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 A095076 Parity of 1-fibits in Zeckendorf expansion A014417(n). 8
 0, 1, 1, 1, 0, 1, 0, 0, 1, 0, 0, 0, 1, 1, 0, 0, 0, 1, 0, 1, 1, 1, 0, 0, 0, 1, 0, 1, 1, 0, 1, 1, 1, 0, 1, 0, 0, 0, 1, 0, 1, 1, 0, 1, 1, 1, 0, 0, 1, 1, 1, 0, 1, 0, 0, 1, 0, 0, 0, 1, 0, 1, 1, 0, 1, 1, 1, 0, 0, 1, 1, 1, 0, 1, 0, 0, 0, 1, 1, 1, 0, 1, 0, 0, 1, 0, 0, 0, 1, 1, 0, 0, 0, 1, 0, 1, 1, 0, 1, 1, 1, 0 (list; graph; refs; listen; history; text; internal format)
 OFFSET 0,1 COMMENTS Let u = A000201 = (lower Wythoff sequence) and v = A001950 = (upper Wythoff sequence.  Conjecture: This sequence is the sequence p given by p(1) = 0 and p(u(k)) = p(k); p(v(k)) = 1-p(k). [Clark Kimberling, Apr 15 2011] [base 2] 0.111010010001100... = 0.9105334708635617... [Joerg Arndt, May 13 2011] From Michel Dekking, Nov 28 2019: (Start) This sequence is a morphic sequence. Let the morphism sigma be given by       sigma(1) = 12, sigma(2) = 4, sigma(3) = 1, sigma(4) = 43, and let the letter-to-letter map lambda be given by       lambda(1) = 0, lambda(2) = 1, lambda(3) = 0, lambda(4) = 1. Then a(n) = lambda(x(n)), where x(0)x(1)... = 1244343... is the fixed point of sigma starting with 1. See footnote number 4 in the paper by Emmanuel Ferrand. (End) From Michel Dekking, Nov 29 2019: (Start) Proof of Kimberling's conjecture, by virtue of the four symbol morphism sigma in the previous comment. We first show that the fixed point x = 1244343143112... of sigma has the remarkable property that the letters 1 and 4 exclusively occur at positions u(k), k=1,2,..., and the letters 2 and 3 exclusively occur at positions v(k) k=1,2,.... To see this, let alpha be the Fibonacci morphism on the alphabet {a,b}:       alpha(a) = ab, alpha(b) = a. It is well known that the lower Wythoff sequence u gives the positions of a in the fixed point abaababaab... of alpha, and that the upper Wythoff sequence v gives the positions of b in this infinite Fibonacci word. Let pi be the projection from {1,2,3,4} to {a,b} given by       pi(1) = pi(4) = a,    pi(2) = pi(3) = b. One easily checks that  (composition of morphisms)       pi sigma = alpha pi. This implies the remarkable property stated above. What remains to be proved is that lambda(x(u(k)) = a(k) and lambda(x(v(k)) = a(k), where lambda is the letter-to-letter map in the previous comment. We tackle this problem by an extensive analysis of the return words of the letter 1 in the sequence x= 1244343143112... These are the words occurring in x which start with 1 and have no other occurrences of 1 in them. One easily finds that they are given by       A:=1, B:=12, C:=124, D:=143, E:=1243, F:=12443, G:=1244343. These words partition x. Moreover, sigma induces a morphism rho on the alphabet {A,B,C,D,E,F,G} given by       rho(A) = B, rho(B) =C, rho(C) = F, rho(D) = EA,       rho(E) = FA, rho(F) = GA, rho(G) = GDA. CLAIM 1: Let mu be the letter-to-letter map given by       mu(A)=mu(B) = 1, mu(C)=mu(D)=mu(E) = 2, mu(F) = 3,  mu(G) = 4, then mu(R) = (s(n+1)-s(n)), where R = GDAEABFAB... is the unique fixed point of rho and s = 1,5,7,8,10,... is the sequence of positions of 1 in (x(u(k)). Proof of CLAIM 1:  The 1's in x occur exclusively at positions u(k), so if we want the differences s(n+1)-s(n), we can strip the 2's and 3's from the return words of 1, and record how long it takes to the next 1. This is the length of the stripped words A~=1, B~=1, C~=14, ... which is given by mu. CLAIM 2: Let delta be the 'decoration' morphism given by     delta(A) = 1,  delta(B) = 2, delta(C) = 3,  delta(D) = 21,       delta(E) = 31, delta(F) = 41,  delta(G) = 421, then delta(R) = (t(n+1-t(n)), where rho(R) = R, and t is the sequence of positions of 1 or 3 in the sequence x = 1244343143112.... Proof of CLAIM 2:  We have to record the differences in the occurrences of 1 and 3 in the return words of 1. These are given by delta. For example: F = 12443, where 1 and 3 occur at position 1 and 5; and the next 1 will occur at the beginning of any of the seven words A,...,G. If we combine CLAIM 1 and CLAIM 2 with lambda(1) = lambda(3) = 0, we obtain the first half of Kimberling's conjecture, simply because delta = mu rho, and rho(R) = R. The second half of the conjecture is obtained in a similar way. (End) LINKS Joerg Arndt, Matters Computational (The Fxtbook), section 38.11.1, pp. 754-756 E. Ferrand, An analogue of the Thue-Morse sequence, The Electronic Journal of Combinatorics, Volume 14 (2007), R30. Leonard Rozendaal, Pisano word, tesselation, plane-filling fractal, Preprint, 2017. MATHEMATICA r=(1+5^(1/2))/2; u[n_] := Floor[n*r];  (* A000201 *) a = 0; h = 128; c = (u[#1] &) /@ Range[2h]; d = (Complement[Range[Max[#1]], #1] &)[c]; (* A001950 *) Table[a[d[[n]]] = 1 - a[n], {n, 1, h - 1}]; Table[a[c[[n]]] = a[n], {n, 1, h}] (* A095076 conjectured *) Flatten[Position[%, 0]]  (* A189034 *) Flatten[Position[%%, 1]] (* A189035 *) PROG (Python) def ok(n): return 1 if n==0 else n*(2*n & n == 0) print [bin(n)[2:].count("1")%2 for n in range(0, 1001) if ok(n)] # Indranil Ghosh, Jun 08 2017 CROSSREFS a(n) = A010060(A003714(n)). a(n) = 1 - A095111(n). Characteristic function of A020899. Run counts are given by A095276. Cf. A189034, A189035 (positions of 0 and 1 if the conjecture is valid. Sequence in context: A174206 A265333 A159637 * A285080 A167392 A190201 Adjacent sequences:  A095073 A095074 A095075 * A095077 A095078 A095079 KEYWORD nonn,changed AUTHOR Antti Karttunen, Jun 01 2004 STATUS approved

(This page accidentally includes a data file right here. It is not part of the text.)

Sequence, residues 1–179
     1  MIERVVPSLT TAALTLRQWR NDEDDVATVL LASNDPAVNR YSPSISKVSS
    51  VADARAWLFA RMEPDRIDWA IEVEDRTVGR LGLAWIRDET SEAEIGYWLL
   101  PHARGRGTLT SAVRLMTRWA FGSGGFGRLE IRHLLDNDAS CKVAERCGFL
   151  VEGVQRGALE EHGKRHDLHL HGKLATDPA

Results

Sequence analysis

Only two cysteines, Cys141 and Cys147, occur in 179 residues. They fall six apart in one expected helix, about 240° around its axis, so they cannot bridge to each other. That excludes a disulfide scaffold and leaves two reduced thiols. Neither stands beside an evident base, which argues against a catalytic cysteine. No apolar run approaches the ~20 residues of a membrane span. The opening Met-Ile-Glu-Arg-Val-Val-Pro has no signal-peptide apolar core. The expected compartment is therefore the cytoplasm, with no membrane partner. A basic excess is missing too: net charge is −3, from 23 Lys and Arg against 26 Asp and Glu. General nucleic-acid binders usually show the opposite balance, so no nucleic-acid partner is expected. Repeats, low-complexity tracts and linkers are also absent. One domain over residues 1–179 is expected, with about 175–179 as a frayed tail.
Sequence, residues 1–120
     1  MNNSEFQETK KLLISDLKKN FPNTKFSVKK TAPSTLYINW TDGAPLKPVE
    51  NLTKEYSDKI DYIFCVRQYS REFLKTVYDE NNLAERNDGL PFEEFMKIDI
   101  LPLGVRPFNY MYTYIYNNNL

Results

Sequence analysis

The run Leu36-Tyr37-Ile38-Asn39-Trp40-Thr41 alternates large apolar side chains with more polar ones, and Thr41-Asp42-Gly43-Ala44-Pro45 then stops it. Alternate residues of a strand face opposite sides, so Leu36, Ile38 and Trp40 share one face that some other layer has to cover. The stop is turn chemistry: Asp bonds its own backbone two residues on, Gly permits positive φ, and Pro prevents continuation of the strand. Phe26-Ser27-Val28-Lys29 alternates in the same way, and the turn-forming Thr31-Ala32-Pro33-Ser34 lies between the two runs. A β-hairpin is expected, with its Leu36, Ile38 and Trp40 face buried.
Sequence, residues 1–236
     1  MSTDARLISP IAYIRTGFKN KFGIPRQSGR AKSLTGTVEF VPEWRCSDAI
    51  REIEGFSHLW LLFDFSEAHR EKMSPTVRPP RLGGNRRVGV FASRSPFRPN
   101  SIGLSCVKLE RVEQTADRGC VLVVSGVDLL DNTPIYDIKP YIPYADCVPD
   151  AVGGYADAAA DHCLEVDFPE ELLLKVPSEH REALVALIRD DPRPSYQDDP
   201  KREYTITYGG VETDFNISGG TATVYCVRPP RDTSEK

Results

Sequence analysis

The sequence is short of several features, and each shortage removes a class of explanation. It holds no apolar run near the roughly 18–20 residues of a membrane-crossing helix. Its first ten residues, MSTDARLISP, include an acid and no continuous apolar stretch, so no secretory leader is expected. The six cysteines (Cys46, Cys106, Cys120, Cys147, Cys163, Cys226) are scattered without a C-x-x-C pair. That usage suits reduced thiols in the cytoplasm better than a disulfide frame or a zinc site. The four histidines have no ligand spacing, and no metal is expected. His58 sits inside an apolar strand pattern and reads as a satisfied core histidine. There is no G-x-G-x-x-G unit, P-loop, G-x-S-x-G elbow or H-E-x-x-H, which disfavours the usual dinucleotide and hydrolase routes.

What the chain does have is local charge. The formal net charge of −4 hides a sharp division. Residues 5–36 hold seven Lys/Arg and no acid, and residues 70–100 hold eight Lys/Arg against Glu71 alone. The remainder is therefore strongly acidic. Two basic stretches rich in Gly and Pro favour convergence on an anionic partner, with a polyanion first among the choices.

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Last modified December 9 19:51 EST 2019. Contains 329879 sequences. (Running on oeis4.)